Gov't sets Futemma policy, puts off naming possible relocation site
Dec 14 09:39 PM US/Eastern
(AP) - TOKYO, Dec. 15 (Kyodo) — The Japanese government put off a decision Tuesday to pick a possible site for relocating a U.S. military airfield in Okinawa until next year, possibly with an eye to seeking to amend a related accord reached between Japan and the United States in 2006.
Putting the decision on hold is part of the policy Tokyo adopted Tuesday for dealing with the issue of relocating the U.S. Marine Corps' Futemma Air Station and is likely to further frustrate the United States, which has called on Japan to swiftly abide by the existing plan.
No deadline was set for the relocation site to be decided, according to ruling party officials.
But apparently out of consideration to the United States, the Japanese government will earmark expenses related to the existing relocation plan in the fiscal 2010 budget.
The policy, finalized during a meeting of senior officials of the three ruling coalition parties, also includes setting up a working- level consultation body among them to discuss the issue and considering where to relocate the Futemma facility, including the site in Okinawa agreed on in the bilateral agreement.
"We have agreed that the three parties will consider how to reduce the burden of the Futemma facility (imposed on the local residents)," said Tomoko Abe, a Social Democratic Party lawmaker who attended the meeting.
Japanese Prime Minister Yukio Hatoyama told reporters earlier in the morning that Japan will swiftly convey its policy to the United States once it is decided.
The Futemma relocation issue has emerged as a major sticking point between Japan and the United States since the Democratic Party of Japan launched a coalition government in September with a pledge to move toward reexamining the realignment of U.S. forces in Japan.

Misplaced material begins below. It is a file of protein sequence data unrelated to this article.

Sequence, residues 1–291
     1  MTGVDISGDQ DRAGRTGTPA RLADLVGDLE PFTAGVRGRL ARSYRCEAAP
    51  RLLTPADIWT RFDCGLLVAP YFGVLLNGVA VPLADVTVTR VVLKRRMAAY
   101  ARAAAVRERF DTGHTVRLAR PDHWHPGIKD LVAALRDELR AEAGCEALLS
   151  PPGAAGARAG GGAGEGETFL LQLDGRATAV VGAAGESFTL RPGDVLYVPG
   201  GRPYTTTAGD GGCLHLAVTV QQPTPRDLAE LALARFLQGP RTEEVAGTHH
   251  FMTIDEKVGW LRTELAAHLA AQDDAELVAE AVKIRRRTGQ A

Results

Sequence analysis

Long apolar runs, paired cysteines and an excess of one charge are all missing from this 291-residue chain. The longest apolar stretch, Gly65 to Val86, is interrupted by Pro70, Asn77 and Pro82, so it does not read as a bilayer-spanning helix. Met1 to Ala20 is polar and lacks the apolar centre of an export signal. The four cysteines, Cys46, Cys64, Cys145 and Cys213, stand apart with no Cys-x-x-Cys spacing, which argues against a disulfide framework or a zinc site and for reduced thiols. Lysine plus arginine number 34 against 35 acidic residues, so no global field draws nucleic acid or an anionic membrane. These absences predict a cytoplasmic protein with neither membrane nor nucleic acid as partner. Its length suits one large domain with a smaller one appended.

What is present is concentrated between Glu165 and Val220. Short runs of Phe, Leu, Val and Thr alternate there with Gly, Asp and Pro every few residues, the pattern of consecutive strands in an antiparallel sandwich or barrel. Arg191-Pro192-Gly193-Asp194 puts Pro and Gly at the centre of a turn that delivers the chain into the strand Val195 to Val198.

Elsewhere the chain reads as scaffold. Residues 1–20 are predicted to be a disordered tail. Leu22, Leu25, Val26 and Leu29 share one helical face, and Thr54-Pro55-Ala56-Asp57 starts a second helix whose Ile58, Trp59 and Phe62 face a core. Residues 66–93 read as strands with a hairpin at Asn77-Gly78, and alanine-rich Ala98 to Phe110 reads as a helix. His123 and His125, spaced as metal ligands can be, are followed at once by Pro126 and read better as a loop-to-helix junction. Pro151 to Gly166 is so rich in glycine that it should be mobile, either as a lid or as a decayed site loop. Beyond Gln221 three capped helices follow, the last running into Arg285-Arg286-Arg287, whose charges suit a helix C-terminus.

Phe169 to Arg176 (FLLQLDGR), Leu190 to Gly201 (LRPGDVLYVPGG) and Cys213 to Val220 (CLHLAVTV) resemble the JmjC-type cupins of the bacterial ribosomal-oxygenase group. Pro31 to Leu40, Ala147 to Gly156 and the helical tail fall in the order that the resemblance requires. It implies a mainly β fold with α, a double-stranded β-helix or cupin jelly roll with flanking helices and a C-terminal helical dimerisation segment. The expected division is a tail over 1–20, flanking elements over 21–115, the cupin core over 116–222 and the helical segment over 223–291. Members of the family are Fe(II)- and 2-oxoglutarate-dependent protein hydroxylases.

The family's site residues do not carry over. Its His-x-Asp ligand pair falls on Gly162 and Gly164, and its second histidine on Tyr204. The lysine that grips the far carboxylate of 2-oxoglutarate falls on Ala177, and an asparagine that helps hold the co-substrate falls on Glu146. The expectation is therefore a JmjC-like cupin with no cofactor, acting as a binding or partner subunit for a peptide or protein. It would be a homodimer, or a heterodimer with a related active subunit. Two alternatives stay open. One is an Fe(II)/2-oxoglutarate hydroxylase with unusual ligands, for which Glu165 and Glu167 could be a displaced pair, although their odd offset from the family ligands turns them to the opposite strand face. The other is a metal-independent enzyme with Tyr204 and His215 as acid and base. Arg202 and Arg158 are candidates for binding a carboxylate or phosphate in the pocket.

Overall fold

As part of the 2006 accord on the realignment, which took years to reach, the heliport functions of the Futemma facility will be relocated to a new facility to be built in a less populated part of Okinawa and 8,000 Marines will be moved from the southern Japanese island to Guam by 2014.
Reducing the potential danger facing residents living near the airfield, which is located in a crowded residential area, has long been an issue in Japan.
While the United States has pressured the new Japanese government to implement the existing accord, expectations have been growing among people in Okinawa that the DPJ will seek to relocate the facility outside of the prefecture in line with its stance prior to the Aug. 30 House of Representatives election.
The risk of losing a tiny coalition partner, the SDP, if the government decides to accept the existing plan, has also apparently made it difficult for Hatoyama to quickly reach a decision on the issue.
Hatoyama is hoping to explain the government policy to U.S. President Barack Obama if and when they converse on the fringes of a meeting of state leaders Friday at the ongoing U.N. climate conference in Copenhagen, according to government sources.
Ties between Japan and the United States have been soured over the relocation issue, with the two countries recently suspending discussions at a high-level working group set up in November to discuss the matter.